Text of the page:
Judicial review due next month on 210-home estate bid

Thurston Bloor Homes

An indicative CGI image of what the Bloor Homes 210-home development in Beyton Road, Thurston, could look like. Picture: BLOOR HOMES - Credit: Bloor Homes

The final matters for a controversial 210-home development in Thurston was taken off the agenda at zero hour at Mid Suffolk District Council on Wednesday morning as judicial review proceedings continue.

Mid Suffolk’s development control B committee had been due to discuss the final matters – layout, scale, appearance and landscaping - for Bloor Homes’s plan for the new estate off Beyton Road in the village at Wednesday morning’s meeting.

But Bloor Homes requested the item was pulled from the agenda at the last minute.

Philip Isbell, chief planning officer at the authority, said the developers “have taken stock of the committee report and there are various items in there, including changes to the dormer arrangements, parking arrangements, tree protection and planning which they would like to take stock of and amend before the application is decided.

“This site is the subject of a judicial review – that does not preclude the council from hearing it but the intention on the part of the developer is to achieve a permission which can be developed if they are successful in defending together with ourselves.”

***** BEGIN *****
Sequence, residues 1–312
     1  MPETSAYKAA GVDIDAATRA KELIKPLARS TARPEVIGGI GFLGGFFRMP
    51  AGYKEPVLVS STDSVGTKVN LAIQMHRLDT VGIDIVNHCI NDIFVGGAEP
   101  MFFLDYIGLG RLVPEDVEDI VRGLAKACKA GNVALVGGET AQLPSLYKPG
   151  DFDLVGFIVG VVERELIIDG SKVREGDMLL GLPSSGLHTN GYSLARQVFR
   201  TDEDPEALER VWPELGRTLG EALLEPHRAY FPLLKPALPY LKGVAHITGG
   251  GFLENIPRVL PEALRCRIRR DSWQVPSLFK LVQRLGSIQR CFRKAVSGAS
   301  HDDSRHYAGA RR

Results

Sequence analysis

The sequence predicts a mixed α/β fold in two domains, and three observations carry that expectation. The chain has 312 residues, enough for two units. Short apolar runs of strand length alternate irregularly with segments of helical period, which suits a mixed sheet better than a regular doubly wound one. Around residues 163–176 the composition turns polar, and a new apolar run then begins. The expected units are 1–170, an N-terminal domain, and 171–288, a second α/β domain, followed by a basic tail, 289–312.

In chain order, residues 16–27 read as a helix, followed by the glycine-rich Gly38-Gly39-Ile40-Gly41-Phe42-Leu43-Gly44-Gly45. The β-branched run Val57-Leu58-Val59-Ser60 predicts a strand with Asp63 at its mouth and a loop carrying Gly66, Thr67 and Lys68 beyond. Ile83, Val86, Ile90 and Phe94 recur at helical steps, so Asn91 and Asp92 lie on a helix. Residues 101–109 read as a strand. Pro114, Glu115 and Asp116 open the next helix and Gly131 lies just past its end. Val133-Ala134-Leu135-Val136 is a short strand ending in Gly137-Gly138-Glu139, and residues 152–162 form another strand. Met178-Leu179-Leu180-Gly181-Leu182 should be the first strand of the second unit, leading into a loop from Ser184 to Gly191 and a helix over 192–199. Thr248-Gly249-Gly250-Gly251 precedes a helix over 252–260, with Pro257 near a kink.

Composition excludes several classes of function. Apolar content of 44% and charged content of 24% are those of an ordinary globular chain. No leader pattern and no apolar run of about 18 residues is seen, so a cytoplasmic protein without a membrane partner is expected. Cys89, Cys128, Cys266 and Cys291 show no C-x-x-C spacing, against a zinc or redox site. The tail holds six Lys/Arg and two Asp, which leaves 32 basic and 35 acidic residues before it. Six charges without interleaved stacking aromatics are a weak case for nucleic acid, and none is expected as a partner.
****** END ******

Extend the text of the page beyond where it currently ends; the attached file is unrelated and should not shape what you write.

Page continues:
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The committee in January 2020 narrowly gave its backing to the outline plans, with formal permission then being approved in December.

But Thurston Parish Council has lodged a judicial review, due to be heard in the high court on October 20 and 21 this year.

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The review is on the grounds that the parish council believes district council committee members were wrongly advised on the weight to be given to the neighbourhood plan, which did not allocate the site for development.

It also believes the committee was wrongly advised on planning balance and that the decision prejudices the local plan process, which has not yet been completed.

It is not yet clear when the matter will return to the committee, but it is likely to be after the judicial hearing.

Work cannot begin on building the homes until the final matters receive planning permission.

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